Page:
Remembrance and Hope
St. Nicholas' Chapel, King's Lynn, Sunday 11th November 2018, 3.30pm
|Butterworth||The Banks of Green Willow, Rhapsody|
|Cecil Coles||Behind the Lines: 2 - Cortège|
|Arthur Bliss||5 pieces from Things to Come Suite|
|Beethoven||Symphony No. 9|
During the past four years, as Centenaries have passed, we have had to endure the horrific memories of the Great War. In November this year, we mark the Armistice - but do we celebrate an ending or mourn the terrible consequences? In the first part of our final Remembrance programme, which includes the music of two brilliant young composers killed in the trenches, we experience a journey through the emotions of the time. Beginning in the beauty of the English countryside, we move to the feeling of national pride, through excitement, terror, violence, bleak despair and, finally, desperate heartbreak. In the second part of the concert, moving towards Hope, we are joined by soloists from English National Opera and the King’s Lynn Festival Chorus in perhaps the most inspiring music ever written. Beethoven’s 9th Symphony shows us how we can, with fortitude, courage and brotherhood, win our way from darkness and despair to triumph and hope. In Beethoven’s world, if we all just pull together, the human spirit can conquer all.
Do come and share this monumental emotional journey with us.
We are grateful that this concert is supported by the Norfolk Community Foundation with grants from their "Norfolk World War One" and "Commemorating World War One" funds.
Aspects of England
Alive Corn Exchange, King's Lynn, Sunday 20th January 2019, 3.30pm
|Vaughan Williams||Symphony No 5 in D|
|Elgar||Sea Pictures Op 37|
|Arnold||English Dances (Sets 1 & 2)|
Our vision of England has many faces and this music seeks to express them. In this programme we play quintessentially English music by three composers, each from a different generation: Elgar, Vaughan Williams and Malcolm Arnold.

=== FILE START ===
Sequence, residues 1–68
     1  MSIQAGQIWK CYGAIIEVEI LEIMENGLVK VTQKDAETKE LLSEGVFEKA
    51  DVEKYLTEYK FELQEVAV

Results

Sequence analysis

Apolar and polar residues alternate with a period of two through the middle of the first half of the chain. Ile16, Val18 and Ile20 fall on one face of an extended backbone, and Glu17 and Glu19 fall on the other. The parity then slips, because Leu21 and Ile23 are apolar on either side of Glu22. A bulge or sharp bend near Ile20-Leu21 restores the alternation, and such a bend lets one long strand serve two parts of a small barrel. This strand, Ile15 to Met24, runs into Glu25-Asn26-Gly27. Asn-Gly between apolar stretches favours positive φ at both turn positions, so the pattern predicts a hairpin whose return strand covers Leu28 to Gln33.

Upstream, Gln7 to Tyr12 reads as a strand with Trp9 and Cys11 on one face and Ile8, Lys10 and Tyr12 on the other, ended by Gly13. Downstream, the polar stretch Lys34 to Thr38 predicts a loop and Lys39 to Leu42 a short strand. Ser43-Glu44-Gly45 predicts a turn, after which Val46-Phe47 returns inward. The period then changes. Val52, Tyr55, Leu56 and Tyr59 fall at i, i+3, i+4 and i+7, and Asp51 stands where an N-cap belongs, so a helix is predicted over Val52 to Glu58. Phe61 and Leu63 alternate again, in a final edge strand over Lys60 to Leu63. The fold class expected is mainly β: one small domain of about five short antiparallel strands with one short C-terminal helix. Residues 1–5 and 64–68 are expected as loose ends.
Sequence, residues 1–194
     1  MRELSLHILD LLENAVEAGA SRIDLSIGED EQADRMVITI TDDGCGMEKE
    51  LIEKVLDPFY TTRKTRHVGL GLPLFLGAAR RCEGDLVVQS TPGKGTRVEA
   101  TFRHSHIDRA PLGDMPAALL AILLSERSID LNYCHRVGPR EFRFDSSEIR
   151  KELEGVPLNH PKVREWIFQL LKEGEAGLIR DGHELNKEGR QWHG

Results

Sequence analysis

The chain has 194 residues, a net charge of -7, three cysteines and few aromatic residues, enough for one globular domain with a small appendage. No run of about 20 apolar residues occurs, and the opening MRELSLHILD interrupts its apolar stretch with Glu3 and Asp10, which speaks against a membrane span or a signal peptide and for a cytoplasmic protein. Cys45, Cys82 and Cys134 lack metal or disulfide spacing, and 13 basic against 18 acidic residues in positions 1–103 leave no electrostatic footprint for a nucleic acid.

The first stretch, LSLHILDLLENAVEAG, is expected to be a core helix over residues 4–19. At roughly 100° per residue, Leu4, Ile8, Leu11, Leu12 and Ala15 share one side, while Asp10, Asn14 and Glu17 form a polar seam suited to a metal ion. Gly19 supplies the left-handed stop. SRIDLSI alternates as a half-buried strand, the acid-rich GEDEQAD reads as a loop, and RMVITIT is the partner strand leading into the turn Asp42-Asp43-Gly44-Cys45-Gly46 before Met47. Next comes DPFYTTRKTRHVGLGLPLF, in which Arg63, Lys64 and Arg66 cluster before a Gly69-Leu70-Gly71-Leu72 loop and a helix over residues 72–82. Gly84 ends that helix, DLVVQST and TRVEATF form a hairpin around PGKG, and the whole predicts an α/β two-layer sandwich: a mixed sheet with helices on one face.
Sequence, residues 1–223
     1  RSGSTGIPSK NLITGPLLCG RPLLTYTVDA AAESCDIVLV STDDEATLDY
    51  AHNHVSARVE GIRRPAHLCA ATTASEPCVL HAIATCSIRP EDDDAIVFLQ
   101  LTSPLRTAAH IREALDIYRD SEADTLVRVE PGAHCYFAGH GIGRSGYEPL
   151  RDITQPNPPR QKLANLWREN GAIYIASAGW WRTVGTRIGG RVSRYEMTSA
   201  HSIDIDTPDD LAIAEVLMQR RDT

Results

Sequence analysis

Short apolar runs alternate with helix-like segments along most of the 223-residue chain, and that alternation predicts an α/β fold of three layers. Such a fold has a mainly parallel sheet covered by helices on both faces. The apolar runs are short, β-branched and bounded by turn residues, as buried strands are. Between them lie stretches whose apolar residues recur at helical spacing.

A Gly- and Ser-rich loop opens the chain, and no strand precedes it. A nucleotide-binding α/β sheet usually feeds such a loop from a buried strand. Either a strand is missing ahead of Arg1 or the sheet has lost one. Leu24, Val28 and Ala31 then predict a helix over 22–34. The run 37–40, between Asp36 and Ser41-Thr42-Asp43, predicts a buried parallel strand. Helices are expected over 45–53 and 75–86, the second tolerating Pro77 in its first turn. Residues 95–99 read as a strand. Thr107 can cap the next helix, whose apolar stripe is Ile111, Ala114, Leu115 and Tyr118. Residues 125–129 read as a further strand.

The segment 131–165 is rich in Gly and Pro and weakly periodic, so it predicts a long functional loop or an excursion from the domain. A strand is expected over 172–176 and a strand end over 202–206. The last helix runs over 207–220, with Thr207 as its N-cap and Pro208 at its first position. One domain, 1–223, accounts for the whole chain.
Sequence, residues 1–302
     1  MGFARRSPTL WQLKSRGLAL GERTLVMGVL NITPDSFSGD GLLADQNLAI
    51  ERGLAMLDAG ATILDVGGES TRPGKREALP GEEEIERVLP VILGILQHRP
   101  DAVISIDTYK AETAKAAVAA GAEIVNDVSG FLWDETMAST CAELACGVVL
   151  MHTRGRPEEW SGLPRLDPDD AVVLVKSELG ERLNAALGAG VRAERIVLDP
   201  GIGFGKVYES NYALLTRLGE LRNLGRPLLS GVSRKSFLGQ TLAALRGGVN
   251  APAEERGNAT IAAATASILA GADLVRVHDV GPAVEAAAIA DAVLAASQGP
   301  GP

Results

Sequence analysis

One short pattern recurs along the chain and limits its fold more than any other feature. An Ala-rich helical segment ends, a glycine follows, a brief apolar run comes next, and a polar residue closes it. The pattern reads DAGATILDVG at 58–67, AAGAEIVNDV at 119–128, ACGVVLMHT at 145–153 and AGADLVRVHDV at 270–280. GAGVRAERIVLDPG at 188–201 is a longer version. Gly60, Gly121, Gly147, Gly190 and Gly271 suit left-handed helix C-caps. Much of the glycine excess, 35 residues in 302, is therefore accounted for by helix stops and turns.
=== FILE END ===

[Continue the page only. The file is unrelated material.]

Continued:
In Elgar’s song cycle Sea Pictures, he sets words by five different poets. The music basks in the late-romantic glow of the Edwardian Era and expresses his deep feelings about the Sea and our relationship to it.
His younger colleague, Ralph Vaughan Williams, like many contemporaries such as Bartok and Villa-Lobos, was determined to use the tunes and harmonies of folk song as a basis for a new musical language. After the terrifying violence of his fourth symphony, his fifth comes like a healing balm, more reminiscent of the Fantasy on a Theme of Thomas Tallis. Full of peace and quietude, it contains some of his most radiantly beautiful music.
Post War England is represented by Malcolm Arnold, a composer often better known for his lighter music. The two sets of English Dances contain a wide and richly diverse variety of styles from the hauntingly melancholy to the hilarious and will bring the concert to a riotous close.
Majestic, brooding, cheeky and achingly beautiful…
Journeys to Paradise
St. Nicholas' Chapel, King's Lynn, Sunday 19th May 2019, 3.30pm
|Mendelssohn||Symphony No. 4 in A "Italian"|
|Delius||The Walk to the Paradise Garden|
|Takemitsu||Green - November Steps No. 2|
|Elgar||In the South|
Our two major works reflect the feelings of Northern European composers, Mendelssohn and Elgar, on experiencing the bright sunshine of Italy. From 1829 to 1831, Mendelssohn embarked on a Grand Tour of Europe. The mists and mystery of Scotland gave us both the Scottish Symphonyand The Hebrides Overture. It was Italy, though, which gave him the inspiration for what he called “the jolliest piece I have ever done…”, his vivid and vivacious Italian Symphony. Elgar’s overture In the South is a substantial tone poem. Subtitled Alassio, it was written during a holiday in that town on the Italian Riviera. Not only is it full of the sights and colours that he saw and delighted in, it is also imbued with a sense of the history of the place, “the conflict of the armies long ago…the contrast of the ruin and the shepherd”. This is Elgar at the height of his powers. The Japanese composer, Toru Takemitsu, is perhaps best known for his film scores. However, his concert music is also breathtaking and wonderful. In 1967 he hid himself away in his garden with the scores of Debussy, trying to fathom the secret of his timeless balance and sensuality. One of the results was the ravishing Green, a tiny and exquisite jewel of a piece. Delius also gives us a garden in his opera A Village Romeo and Juliet. However, this one, The Paradise Garden, is a pub which our star-crossed lovers, Sali and Vreli, go to on their journey to death and eternal love.